But he feared reinforcements might not be available because statutory organisations like local health boards and councils were also short of staff.

Mr Kreft said: “The scale of the challenge is one we have never faced before. It’s really, really tough out there.

“The First Minister reminded us in 2020 that the social care sector was in a fragile state before the pandemic because of its precarious finances and the shortage of staff.

“After two year of this, the pressures have been building up and now we’re facing a completely different challenge because the Omicron strain of Covid is so prevalent and so transmissible.

“As a result, we’re seeing problems we’ve not encountered before.

“Care Forum Wales members have been reporting being down by up to 75 per cent in terms of staffing shifts. We’re on a war footing.

“The social care workforce has been heroic right through this pandemic. It’s taken a pandemic for people to realise how essential these workers are – just in the same way as the NHS and other services.

“They are rising to the challenge but it’s incredibly difficult and it’s probably going to get much worse before it gets better.

“It’s quite possible that some care homes will have to call on the statutory services. There are plans in place and we have been working with Welsh Government and our colleagues in health boards and local government.

“We may have to declare what the NHS would call a critical incident and in that case the only place you can go is the statutory agencies.

“The trouble is that we all know they are suffering like everybody else at the moment so whether there would be people available to alleviate the crisis, I don’t know.

“What we are talking about is making sure that people are as comfortable and as safe as they can be.

“This also applies to our domiciliary care workers who are facing similar challenges, so the visits to people’s homes may not be as long or as often as they might have been until we get through this.

“Nobody understands the importance of care home visiting better than those that run and work in care homes. It’s essential to people’s wellbeing and we’ve had decades of open house visiting without any appointments.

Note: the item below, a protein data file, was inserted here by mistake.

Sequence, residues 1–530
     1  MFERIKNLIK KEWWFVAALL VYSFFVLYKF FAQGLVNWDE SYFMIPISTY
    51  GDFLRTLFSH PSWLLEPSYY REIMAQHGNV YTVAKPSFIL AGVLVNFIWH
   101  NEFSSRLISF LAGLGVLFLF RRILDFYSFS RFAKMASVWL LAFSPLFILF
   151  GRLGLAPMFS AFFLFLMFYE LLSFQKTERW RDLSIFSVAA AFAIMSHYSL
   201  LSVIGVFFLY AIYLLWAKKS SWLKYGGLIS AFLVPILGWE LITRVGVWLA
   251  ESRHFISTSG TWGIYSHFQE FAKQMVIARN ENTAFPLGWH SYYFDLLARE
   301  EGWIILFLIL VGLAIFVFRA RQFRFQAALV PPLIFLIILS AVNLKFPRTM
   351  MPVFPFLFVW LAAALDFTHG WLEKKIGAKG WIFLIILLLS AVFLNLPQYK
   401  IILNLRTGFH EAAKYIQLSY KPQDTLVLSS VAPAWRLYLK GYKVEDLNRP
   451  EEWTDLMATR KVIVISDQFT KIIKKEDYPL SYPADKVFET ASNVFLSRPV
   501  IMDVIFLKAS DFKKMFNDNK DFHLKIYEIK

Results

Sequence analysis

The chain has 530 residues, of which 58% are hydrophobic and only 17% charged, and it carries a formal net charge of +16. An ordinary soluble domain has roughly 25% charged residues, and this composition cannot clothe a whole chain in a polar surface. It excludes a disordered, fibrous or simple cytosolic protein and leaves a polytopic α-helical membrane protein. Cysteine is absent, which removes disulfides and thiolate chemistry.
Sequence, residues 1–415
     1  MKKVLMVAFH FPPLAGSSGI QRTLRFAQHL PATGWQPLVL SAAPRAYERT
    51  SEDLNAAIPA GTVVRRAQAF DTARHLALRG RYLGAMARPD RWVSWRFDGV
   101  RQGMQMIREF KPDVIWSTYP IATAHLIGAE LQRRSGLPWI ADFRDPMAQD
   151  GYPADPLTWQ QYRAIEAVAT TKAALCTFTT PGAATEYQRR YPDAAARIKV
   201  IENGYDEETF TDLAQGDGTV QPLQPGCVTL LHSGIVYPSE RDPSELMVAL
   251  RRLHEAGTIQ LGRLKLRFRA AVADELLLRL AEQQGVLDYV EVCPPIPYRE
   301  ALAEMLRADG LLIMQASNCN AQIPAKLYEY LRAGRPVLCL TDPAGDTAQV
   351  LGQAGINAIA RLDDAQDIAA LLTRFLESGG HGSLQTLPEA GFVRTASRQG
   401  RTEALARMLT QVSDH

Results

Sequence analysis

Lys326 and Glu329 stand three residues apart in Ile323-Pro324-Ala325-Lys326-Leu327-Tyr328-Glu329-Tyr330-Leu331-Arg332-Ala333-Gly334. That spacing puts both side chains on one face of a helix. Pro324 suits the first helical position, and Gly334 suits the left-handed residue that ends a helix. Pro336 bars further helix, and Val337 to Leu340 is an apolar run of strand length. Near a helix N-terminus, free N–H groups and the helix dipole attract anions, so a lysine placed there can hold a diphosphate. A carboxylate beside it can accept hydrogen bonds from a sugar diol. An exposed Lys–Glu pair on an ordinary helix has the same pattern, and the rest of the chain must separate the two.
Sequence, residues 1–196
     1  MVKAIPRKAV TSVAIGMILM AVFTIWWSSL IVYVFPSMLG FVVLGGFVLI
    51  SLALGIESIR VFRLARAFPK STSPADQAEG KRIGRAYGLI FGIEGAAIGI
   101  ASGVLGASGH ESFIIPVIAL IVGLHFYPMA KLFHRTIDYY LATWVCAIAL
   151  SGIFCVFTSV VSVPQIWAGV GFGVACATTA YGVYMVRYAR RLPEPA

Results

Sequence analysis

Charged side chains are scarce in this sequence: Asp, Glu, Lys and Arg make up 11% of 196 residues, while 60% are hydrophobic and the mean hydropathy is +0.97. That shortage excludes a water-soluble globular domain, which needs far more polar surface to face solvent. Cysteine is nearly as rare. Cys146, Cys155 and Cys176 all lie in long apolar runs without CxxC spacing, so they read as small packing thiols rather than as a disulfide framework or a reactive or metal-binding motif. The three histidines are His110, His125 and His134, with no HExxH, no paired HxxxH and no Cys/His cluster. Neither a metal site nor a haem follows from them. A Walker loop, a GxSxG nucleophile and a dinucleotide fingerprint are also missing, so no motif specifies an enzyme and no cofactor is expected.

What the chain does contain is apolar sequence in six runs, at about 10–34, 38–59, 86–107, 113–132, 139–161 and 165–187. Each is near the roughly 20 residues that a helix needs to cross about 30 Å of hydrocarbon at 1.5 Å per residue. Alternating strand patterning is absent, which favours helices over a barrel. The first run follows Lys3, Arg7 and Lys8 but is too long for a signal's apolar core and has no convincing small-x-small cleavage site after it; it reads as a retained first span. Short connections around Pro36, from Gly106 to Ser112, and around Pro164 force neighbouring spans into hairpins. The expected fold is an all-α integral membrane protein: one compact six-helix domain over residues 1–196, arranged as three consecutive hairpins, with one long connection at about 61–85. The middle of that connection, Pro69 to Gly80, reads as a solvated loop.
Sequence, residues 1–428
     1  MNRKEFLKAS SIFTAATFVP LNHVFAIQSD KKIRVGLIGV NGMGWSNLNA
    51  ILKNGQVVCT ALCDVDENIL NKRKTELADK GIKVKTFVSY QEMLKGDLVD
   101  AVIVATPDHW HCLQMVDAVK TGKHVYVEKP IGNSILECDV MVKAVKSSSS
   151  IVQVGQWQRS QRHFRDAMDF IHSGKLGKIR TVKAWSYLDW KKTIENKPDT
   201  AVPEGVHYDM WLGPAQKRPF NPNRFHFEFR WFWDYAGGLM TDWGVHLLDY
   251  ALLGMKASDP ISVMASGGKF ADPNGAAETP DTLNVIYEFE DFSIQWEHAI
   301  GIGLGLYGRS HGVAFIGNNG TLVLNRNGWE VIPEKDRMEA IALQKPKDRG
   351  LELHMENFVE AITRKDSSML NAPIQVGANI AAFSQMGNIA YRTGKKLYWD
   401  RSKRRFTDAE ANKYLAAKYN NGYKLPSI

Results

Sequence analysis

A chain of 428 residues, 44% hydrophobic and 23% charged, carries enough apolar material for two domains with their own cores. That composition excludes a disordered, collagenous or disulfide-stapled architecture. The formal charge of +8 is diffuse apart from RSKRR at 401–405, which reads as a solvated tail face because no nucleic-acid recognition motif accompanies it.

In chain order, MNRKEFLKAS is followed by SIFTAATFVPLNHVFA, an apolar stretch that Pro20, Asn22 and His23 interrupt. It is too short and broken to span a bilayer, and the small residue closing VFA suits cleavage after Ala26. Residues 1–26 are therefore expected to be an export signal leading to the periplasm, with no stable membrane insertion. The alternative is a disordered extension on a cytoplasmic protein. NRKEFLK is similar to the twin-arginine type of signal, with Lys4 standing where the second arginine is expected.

“The last two years have been incredibly challenging and I think people need to understand that safe visiting currently also requires a staffing input which makes it even more difficult if you are short of staff and don’t have the capacity to ensure safe visiting.

“I don’t think there have been any situations where people haven’t been allowed to visit for people in very extreme circumstances.

“I think what we’ll see is firebreaks or temporary pauses in terms of visiting individual care homes.

“The responsibility is clearly with the registered manager and the organisation running each setting.

“All the registered providers have legal responsibilities towards their residents and they also have responsibility for the health and safety of their own staff.

“I think what we’ll see – and we’re starting to see it already - is that visiting will be restricted for a period of days or a week or so because quite simply there will not be the staff to ensure safe visiting.

“The other added complication is that care homes are now unable to secure insurance against Covid-related claims so they really cannot afford to take any risks.

“But as soon as we and ensure safe visiting again, we will revert to that. That’s what people have been doing over Christmas and New Year. All I would ask from people is understanding because it is such a difficult time.”